2. That none shall command them save he who is commissioned by her.
His Excellency will command them himself.
3. That they shall be excused from presenting themselves for any exploits etc. in which the Count Hohenlohe will command in chief.
4. That it will please her Majesty to receive them into her protection in such sort that what is done here for her service may never be taken in ill part and that for their greater assurance they may be granted such conditions as shall be found requisite.
5. That her Majesty will receive into her own succours in these countries, and that they may receive the same pay as those of her own nation.
6. If there shall be any soldiers (whom they hope will be very few) who shall demand their discharge; that it may be granted them.
His Excellency hopes in this to accommodate them all.
Signed, Cornelis Bierslot.
Copy of the same in Flemish.
Endd. as in headline. French and Flemish. 4¼ pp. [Holland XXIII. f. 223.]
Col. Diedrich Sonoy to the Queen.
Assuring her of his gratitude to her for having so promptly and zealously taken his cause in hand, as he has not only learned by the report of the Sieur Mostart but proved by its effect, seeing that by the interposition of her authority, he has come to an agreement with those that had besieged him. Is overwhelmed by the benefits which he cannot repay, but prays her to believe that he would esteem himself most happy if opportunity should present itself to lessen in the least his obligation.—Medenblicq, 19 May, 1588, stilo novo.
Signed. Seal. Add. Endd. French. 1 p. [Ibid. f. 227.]
The Same to Walsingham.
Has long known the excellent gifts and virtues with which his honour is endowed, and his affection for honest men and those of the Religion, whereby he has been drawn to love and respect him. But now the Sieur Mostart and the minister Michel having declared to him the great services and good offices which they have received from his honour, and the affection shown in relation to himself, his affection is so inflamed that he hopes with all his heart that he may be able to show by deeds that he desires nothing more in the world than to be able to do him service.—Medenblicq, 19 May, 1588.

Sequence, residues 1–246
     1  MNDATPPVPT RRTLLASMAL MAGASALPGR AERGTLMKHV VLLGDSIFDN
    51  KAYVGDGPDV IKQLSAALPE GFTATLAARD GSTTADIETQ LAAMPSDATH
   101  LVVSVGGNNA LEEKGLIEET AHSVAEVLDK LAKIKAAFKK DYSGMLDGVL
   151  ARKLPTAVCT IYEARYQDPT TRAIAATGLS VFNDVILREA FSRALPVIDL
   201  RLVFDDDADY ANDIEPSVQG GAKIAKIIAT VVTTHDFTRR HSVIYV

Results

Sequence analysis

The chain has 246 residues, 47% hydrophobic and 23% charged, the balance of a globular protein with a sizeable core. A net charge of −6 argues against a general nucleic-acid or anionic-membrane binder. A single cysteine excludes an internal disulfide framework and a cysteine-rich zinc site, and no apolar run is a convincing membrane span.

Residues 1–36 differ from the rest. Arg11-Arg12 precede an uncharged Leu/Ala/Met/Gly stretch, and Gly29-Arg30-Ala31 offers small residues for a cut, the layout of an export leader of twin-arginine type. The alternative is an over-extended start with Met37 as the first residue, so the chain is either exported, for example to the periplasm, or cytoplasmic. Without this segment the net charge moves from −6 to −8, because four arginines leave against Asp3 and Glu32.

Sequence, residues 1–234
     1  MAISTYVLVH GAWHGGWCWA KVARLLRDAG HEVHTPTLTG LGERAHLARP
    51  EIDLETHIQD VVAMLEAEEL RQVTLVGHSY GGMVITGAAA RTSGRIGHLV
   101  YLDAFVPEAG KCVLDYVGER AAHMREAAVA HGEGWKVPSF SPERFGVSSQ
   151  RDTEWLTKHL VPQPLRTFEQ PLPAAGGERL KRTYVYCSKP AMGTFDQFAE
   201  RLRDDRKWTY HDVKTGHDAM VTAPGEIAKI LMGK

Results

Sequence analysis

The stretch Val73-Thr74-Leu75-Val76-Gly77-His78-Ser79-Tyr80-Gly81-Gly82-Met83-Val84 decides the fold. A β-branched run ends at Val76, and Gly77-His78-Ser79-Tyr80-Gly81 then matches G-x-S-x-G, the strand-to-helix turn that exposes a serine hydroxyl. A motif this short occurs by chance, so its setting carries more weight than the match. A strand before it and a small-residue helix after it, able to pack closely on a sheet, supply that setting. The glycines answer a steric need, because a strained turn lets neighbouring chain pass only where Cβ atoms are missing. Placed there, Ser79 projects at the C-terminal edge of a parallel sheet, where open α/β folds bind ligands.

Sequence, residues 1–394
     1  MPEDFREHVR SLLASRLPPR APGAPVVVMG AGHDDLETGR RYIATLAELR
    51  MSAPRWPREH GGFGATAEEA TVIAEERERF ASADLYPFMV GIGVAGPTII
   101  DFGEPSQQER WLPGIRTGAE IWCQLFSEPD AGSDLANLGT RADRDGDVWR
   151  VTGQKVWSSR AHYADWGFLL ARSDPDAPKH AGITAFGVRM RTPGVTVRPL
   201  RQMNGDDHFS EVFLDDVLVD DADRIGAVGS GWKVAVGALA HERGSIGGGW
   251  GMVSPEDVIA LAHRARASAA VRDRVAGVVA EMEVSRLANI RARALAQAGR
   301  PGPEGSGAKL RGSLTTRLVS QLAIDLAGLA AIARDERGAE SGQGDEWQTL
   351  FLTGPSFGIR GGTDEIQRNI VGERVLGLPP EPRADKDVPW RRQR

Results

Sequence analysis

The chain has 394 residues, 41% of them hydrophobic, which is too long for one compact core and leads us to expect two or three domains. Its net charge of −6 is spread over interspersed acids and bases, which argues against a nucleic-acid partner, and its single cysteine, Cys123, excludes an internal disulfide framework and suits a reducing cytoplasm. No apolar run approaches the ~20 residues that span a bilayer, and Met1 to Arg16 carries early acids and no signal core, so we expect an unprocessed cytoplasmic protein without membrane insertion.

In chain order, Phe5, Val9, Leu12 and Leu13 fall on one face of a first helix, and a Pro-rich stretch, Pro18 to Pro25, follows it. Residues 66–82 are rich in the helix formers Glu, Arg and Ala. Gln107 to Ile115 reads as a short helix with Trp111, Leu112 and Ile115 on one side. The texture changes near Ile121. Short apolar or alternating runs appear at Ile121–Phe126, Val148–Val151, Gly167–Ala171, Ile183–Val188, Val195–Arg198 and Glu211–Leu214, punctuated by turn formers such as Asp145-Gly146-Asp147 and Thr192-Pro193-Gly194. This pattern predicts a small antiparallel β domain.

Signed. Add. Endd. French. 1 p. [Ibid. f. 229.]
Dr. Dale to the Queen. (fn. 8)
I reached Bruges on the 5th. The next day the duke had taken physic and could not give an audience. The following morning, having access, I declared unto him that your Majesty did take in very good part the honourable manner of meeting near Ostend as a demonstration of her good disposition and his sincerity, and that you were desirous that expedition should be made and misliked that there had been so many delays, and you would like some entry to be made into the principal, for which I had repaired to Gant to make collation of the commissions whereunto I had none other answer but that his Altesse would not deal without full commission … But at the time of the meeting … no commission was showed from the king. It was afterwards required of Garnier and again of his Altesse at Bruges by Morris…. As his Altesse had declared that he hath a most full and sufficient commission from the king, your Majesty had commanded me to make repair to him to make collation of the same … not minding to make question of the sufficiency thereof so that his Altesse would promise amendment if need were.
The duke repeated the sum of my speech. He was very glad your Majesty did take the manner of the assembly in so good part … President Richardot should confer with me about the commission. I replied that I only asked for the collation; any matter of difficulty might be debated when the commissioners met. He answered he would appoint M. Champaigny and Richardot to deal with me in the afternoon.
I then told him that your Majesty hath expected some reasonable answer touching the cessation. Although you might justly require that it should be general for all the king's dominions, you would not stand upon any precise point and would be contented that it should extend no further than to Flushing, Briel, Ostend and Berghen ap Zome, and that … by private order. To that he said nothing … saving that he liked not of any publication thereof. And so I went no further.